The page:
Nov 02, 2011
This was my first experience of couch surfing on a social level, although I booked into my accommodation I then met up with Pushpa on the beach, who delighted me with meeting his family first of all before taking me round to his friends house for dinner then to the beach for beers with them all! I was invited into his home and introduced to his mother, sister and cousins and his mum makes me tea while we all sit in the hall. Although they do have a couch available if I need it, I’m already booked into hotel and he needs to leave tomorrow anyway for work so I thank him but opt to stay where I am. After tea we walk round to one of his friends houses and I meet a young Belgian guy that I had strangely enough met before in Tangalle in one of the restaurants… small world. He is staying with Pushpa’s friend for a few weeks although he leaves in the morning, he was a lovely young guy and I can’t believe I’ve met him again hundreds of miles away. It’s an interesting night with drinks on the beach, one of his friends offered to show me around the village and his work the following day which I take him up on, which turns out to be a school nearby.The beach here is really nice and even has a boardwalk on it, it is full of fishing boats of red, yellow, blues and greens all beautifully hand decorated making each one unique. There are many locals having picnics, flying kites, swimming or just paddling about with their ice creams in hand, no one bothers me here and I am free to just sit and chill out with the rest of them, there really is nothing like being alone on a beach, I absolutely love it. You’re at peace with your own thoughts and at one with your senses, listening to the waves crashing in while breathing in the salt air and pouring sand through your fingers and toes, ahh…this really is my heaven. This is the first beach that I have sat so long on because no-one at all has hassled me, there’s a nice young family sitting near me and the kids are in the sea while people stroll up and down chatting away, there are balloon and ice cream sellers passing, and it’s just like sitting on a beach at home.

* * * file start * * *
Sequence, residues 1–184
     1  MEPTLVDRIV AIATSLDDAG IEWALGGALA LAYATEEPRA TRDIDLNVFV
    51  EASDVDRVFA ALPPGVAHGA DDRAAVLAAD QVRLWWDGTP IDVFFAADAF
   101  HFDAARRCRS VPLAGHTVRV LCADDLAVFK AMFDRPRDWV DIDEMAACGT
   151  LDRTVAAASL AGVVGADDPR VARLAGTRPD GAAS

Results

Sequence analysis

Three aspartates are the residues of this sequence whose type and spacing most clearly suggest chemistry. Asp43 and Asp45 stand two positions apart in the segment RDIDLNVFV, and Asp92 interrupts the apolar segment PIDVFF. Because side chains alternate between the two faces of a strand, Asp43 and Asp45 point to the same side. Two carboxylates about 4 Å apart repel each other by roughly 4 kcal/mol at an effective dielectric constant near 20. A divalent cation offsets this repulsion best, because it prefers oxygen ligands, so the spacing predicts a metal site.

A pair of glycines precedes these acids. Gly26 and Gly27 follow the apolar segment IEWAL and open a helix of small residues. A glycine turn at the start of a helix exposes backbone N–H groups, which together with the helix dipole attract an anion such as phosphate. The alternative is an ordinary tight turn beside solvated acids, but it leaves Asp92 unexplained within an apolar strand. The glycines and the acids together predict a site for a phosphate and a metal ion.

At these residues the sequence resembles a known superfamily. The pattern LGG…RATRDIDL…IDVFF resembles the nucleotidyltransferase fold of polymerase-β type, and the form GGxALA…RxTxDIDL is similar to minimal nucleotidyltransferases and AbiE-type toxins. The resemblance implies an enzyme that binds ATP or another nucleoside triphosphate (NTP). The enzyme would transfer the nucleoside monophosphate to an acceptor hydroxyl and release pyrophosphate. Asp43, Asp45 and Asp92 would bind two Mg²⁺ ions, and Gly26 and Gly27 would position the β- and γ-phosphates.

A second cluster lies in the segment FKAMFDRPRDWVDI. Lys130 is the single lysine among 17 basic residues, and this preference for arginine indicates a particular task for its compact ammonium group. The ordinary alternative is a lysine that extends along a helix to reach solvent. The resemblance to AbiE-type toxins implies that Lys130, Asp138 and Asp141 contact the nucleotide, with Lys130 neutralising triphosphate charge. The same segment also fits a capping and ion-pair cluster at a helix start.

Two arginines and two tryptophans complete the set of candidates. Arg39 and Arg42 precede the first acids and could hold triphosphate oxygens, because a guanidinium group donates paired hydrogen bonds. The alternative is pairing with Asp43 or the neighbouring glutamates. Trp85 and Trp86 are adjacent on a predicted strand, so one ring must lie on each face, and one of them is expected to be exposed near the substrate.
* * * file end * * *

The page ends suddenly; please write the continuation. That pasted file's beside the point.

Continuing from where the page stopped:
I’m collected the following morning by motorbike and we head for breakfast before going out to the school, this which was a brilliant experience. Firstly I was taken round all the children’s classes and as soon as they see me they’re shy and full of the giggles, although immediately stand up to say good morning and it was a really touching experience, I feel like a VIP who has come to visit with all the teachers having a few words with me. Some classes sing to me and others practice their English conversationalist skills, several think I am a new teacher who has come but unfortunately I am not, although it’s at times like this that I appreciate the gift teachers have, it must be such a rewarding job seeing first hand results of everyone’s efforts.
The school is very much open plan, there are no windows or doors needed out here in the heat, I’m really surprised to see the school is full of bullet holes… the walls, ceilings and floors are full of them. It turns out that this area was one of the main trouble areas when the Tamil Tiger’s were still active in Sri Lanka and many, many suffered loss of family and friends in this area. And not only that this area was hugely affected by the Boxing Day Tsunami, everyone has been affected by death here, it’s terrible to think of. Although I’m given a bit of a history lesson regarding Sri Lanka, I’m just extremely glad that the war is over and that it’s now regarded as a safe country for tourist. Next Ben takes me to visit a family where some of the school kids helped build a water storage tank for nearby fairly remote villages, we end up talking to one of the families who have just had a brand new stand alone water pump put into their garden, they’re delighted by it. We sit for a while and chat which once again is a real one off experience, I can’t believe the welcome and hospitality that people show me, it can be quite overwhelming especially when you can see that they literally have nothing.It’s been a real educational visit to Batticaloa, there has been too much sadness in this place between the fighting and the tsunami that I find their efforts to rebuild their homes and lives second to none. The tsunami badly affected this area, with much of the front line never being built on since – you can still see the shells of houses and the sorrow in people’s eyes, it just makes you think and put things into perspective.